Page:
ABC News showed workers in the Tennessee factory during their prime time news segment Monday night. Out of this world.

Rumble on the Coast

April 11, 2012

Rumble strips on Hwy 1 between Santa Cruz and Davenport add another obstacle for cyclists to overcome.


A proposal to add rumble strips on a 10-mile stretch of Hwy 1 from Davenport to Santa Cruz has cyclists up in arms, and I can’t blame them.

Rumble strips make cycling hazardous. They reduce your options when maneuvering around road debris and parked cars. This stretch of highway has plenty of parked cars whose drivers use nearby beaches.

Rumble strips have been gouged into the middle of Hwy 9 between Saratoga and Skyline Boulevard. These strips haven’t changed driving habits all that much, from my experience. Because they’re in the middle of the road, they don’t affect cyclists.

There’s one stretch of Hwy 108 east of Sonora that has a long rumble strip. On the steep descent to Sonora on many a Sierra ride I’ve cursed these strips up and down. They’re positioned in a such a way that if you ride to the left you’re in traffic, but if you ride to the right you’re in a ton of debris and glass. At 40 mph there is little room for error.

I’m also wondering just what kind of rumble strips are proposed. There are quite a few different arrangements, some worse than others for cyclists.

On stretches of Hwy 1 with 5-foot shoulders and no parking, rumble strips might not be so bad. That’s not always the case on this stretch of road as it passes beaches and state parks with parked cars.

Caltrans generally does a good job maintaining our roads and making them safe. I hope they listen and take cyclists’ needs into consideration. Hwy 1 is one of the best places for cycling in all of California. Let’s not ruin it.

Distracted Driving (Cell Phones) Kills Cyclists

April 10, 2012

Channel 5 TV news photo


Have you had a close call as a result of a motorist using his cell phone — texting, talking, etc? I have, more than once.

The latest incident came last week on Monroe Avenue at the San Tomas Aquino recreation path. I stopped, punched the bike light button and waited to cross.

With a green light I started across when to my left comes a car going about 5 mph. A woman driver stopped only feet in front of me. The stop line was about 20 feet back. She was on the phone, of course, peering up at the stop light, a dumbfounded look on her face.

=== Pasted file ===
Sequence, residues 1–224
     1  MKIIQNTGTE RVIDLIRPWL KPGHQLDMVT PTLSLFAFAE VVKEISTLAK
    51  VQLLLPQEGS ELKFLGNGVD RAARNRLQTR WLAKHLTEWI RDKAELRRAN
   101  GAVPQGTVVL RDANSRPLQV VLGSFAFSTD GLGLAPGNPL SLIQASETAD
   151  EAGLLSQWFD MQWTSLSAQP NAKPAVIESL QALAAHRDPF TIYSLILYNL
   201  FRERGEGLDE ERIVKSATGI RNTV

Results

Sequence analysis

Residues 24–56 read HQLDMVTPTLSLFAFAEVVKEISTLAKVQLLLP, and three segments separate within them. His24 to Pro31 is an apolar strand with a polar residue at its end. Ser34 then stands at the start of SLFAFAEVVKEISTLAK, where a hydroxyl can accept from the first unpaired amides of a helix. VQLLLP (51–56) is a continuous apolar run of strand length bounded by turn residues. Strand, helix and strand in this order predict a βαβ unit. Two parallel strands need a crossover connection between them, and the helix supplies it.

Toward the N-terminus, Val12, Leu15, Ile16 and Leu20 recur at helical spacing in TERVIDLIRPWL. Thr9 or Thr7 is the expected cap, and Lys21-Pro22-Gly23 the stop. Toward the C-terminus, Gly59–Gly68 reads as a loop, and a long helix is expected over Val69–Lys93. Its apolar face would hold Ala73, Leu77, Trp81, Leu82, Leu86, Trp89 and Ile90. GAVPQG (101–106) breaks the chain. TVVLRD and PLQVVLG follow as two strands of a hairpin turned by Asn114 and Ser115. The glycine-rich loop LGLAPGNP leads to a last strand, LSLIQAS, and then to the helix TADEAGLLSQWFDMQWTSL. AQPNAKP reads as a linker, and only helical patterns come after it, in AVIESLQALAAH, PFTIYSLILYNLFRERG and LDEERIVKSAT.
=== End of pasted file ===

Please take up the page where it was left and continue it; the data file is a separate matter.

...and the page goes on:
Her window was down. I felt like ripping the phone from her hands and tossing it into the creek. I would never do that, but it would have been justice served.

I did a quick check to find cyclists killed by cell phones. There are plenty. It’s too early to tell what happened in Concord last week when a man and his daughter riding along were mowed down by a 17-year-old driver. He was speeding is all that’s certain.

Recent deaths:

Bend, Ore. 2011

Kirkland, Wash., 2011

Compton, Calif., 2010

Harrisonburg, Va., 2009

Scottsboro, Ala., 2009

But the most egregious of all accidents and one that took the lives of two people I knew, occurred in 1986 when an 18-year-old driving a Chevy Blazer reached down to fetch a cassette tape. She veered into the bike lane and took the lives of four cyclists enjoying a Sunday ride, just like that.

Trail Work Moves Ahead in South Bay

January 12, 2012

A dodgy section of trail from Zanker Road to Coyote Creek next to Hwy 237 is being paved in 2012. The sheep stay.


We have lots of good trail news in the South Bay to start the new year. First, the unpaved portion of the Guadalupe River Trail from I-880 at the San Jose airport extending to Alviso at Gold Avenue will be paved starting later this year.

The bad news is the trail will be closed for up to a year.

On another bright note, the notoriously bad section of trail (0.6 miles) paralleling the north side of Hwy 237 from Zanker Road to Coyote Creek will be paved in 2012. It’s actually not bad if you like a funky mix of old pavement and firm gravel. I will miss it in a way.

Now if only we could see the Coyote Creek Trail opened under Hwy 237. That one has always been a mystery to me.

Finally, it took millions of dollars to buy the land from Union Pacific, but we now have the land needed to build a trail linking Los Gatos Creek Trail with Guadalupe River Trail. It’s called the 3 Creeks Trail extension.